The forest undergrowth is dominated by the following species: the common juniper (Juniperus communis), the bear berry (Arctostaphylos uva-ursi), the service berry (Amelanchier ovalis), the box tree (Buxus sempervivens), ivy (Hedera helix), white rock roses (Cistus albidus) and heather (Erica multiflora).Some plants found in the reserve are of particular interest as they are either endangered, endemics with a very reduced distribution or representatives that are found at the extreme limit of the species´ overall distribution. Examples of these include: Salix tarraconensis, Sorbus aria, Taxus baccata, Antirrhinum pertegasii, Pinguicula grandifloradertosensis, Paeonia officinalis and Thymus willkommii.
The variety of Mediterranean fauna is exceptionally well represented in this reserve due to three main reasons: its location in the heart of one of the least-populated areas on the Iberian Peninsula; the large diversity of habitats found within a small area because of significant variations in altitude; and certain parts of the reserve being virtually inaccessible to man. These factors mean that Mas del Peraire has become one of the few remaining places where certain animal species can still live and reproduce successfully.
Since even a basic knowledge concerning Mediterranean amphibians and reptiles is lacking, the protection of the reserve is vital so that it can be used as an area for research and the establishment of species management plans and reintroduction programmes. This is especially important for endemic and threatened species such as the Spanish Ribbed Newt (Pleurodeles waltl), the Fire Salamander (Salamandra salamandra) and Hermann’s Tortoise (Testudo hermanni).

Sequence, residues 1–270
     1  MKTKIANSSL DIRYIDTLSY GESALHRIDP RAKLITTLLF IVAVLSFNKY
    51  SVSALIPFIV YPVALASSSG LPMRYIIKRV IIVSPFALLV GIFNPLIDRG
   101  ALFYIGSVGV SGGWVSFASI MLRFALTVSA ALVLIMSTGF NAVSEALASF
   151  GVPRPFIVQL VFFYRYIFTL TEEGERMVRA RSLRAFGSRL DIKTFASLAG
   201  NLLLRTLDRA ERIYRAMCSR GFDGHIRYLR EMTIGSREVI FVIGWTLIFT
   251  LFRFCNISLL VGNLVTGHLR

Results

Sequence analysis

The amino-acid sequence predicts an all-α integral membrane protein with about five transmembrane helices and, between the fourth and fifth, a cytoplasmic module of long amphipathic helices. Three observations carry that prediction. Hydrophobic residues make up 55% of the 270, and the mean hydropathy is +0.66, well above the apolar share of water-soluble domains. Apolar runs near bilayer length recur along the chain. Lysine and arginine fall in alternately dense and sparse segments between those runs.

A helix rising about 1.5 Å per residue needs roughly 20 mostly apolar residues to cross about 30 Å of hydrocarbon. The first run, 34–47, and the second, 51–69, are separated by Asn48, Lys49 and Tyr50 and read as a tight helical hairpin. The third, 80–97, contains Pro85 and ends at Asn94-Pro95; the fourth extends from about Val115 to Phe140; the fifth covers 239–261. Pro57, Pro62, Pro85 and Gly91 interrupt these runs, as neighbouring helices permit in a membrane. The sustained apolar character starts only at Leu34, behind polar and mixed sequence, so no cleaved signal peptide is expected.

The reserve boasts a great variety of birds, especially birds of prey, including: Griffon Vulture(Gyps fulvus) the Eurasian Sparrowhawk (Accipiter nisus), the Northern Goshawk (Accipiter gentilis), the Golden Eagle (Aquila chrysaetos), the Peregrine Falcon (Falco peregrinus), the Eagle Owl (Bubo bubo) and the Tawny Owl (Strix aluco)...
Some other birds deserve a special mention as they are relatively rare in Spain: the Rock Thrush (Monticola saxatilis), the European Nuthatch (Sitta europaea), the Siskin (Carduelis spinus), the Citril Finch (Serinus citrinella), the Common Crossbill (Loxia curvirostra), the Gold Crest (Regulus regulus) and the Lesser Spotted Woodpecker (Dendrocopus minor). These species are more common in Central Europe, but can be found in the reserve during the winter or when breeding thanks to the unique ecosystems found there. In addition, the reserve is an important ‘stop-over’ and resting area for migratory birds, owing to its proximity to the coast, but its isolation from major urban developments.
The Spanish Ibex (Capra pyrenaica) is probably the most emblematic mammal species inhabiting the reserve. The last few remaining individuals (a few dozen) took refuge in these mountains over 20 years ago. With the introduction of strict protective and conservation measures the population began to recover and now has spread throughout the north of the province of Castellón. In addition to the Spanish Ibex, large numbers of wild boar (Sus scrofa) are found in the reserve and there is also a rich diversity of carnivorous mammals.
The identification of a wild cat (Felis sylvestris) population in the area is of great importance, considering the vulnerable status of the species according to the Spanish Red List of Vertebrates (a list used to describe species which are vulnerable, threatened or on the verge of extinction). Good size populations of badgers (Meles meles) and beech martens (Martes foina) are also found in the reserve.
Two other mammals deserve a mention here because of their possible recovery from extinction in the area.
- Roe Deer (Capreolus capreolus) disappeared from the area over a century ago, when the last captured individual was recorded. During the summer of 1998, a roe deer was accidentally run over in the area, which may indicate natural re-colonisation by this species.
- The Iberian Lynx (Lynx pardinus) is considered to be one of the carnivores most threatened with extinction in the world. This species inhabited the area until the 1950s, and the possible recovery of lynxes in the reserve is of vital importance for the overall conservation of the species.
|Zone:||Date land registry:||Value €||Area:||Pol:||Plot:||Land registry reference:
|Cervera. La Pobla de Benifassà
||21/07/1997||254.228 €||516.136 m2
|Peraire. La Pobla de Benifassà
|Peraire. La Pobla de Benifassà||459.495 m2||19||6||12093A019000060000WK|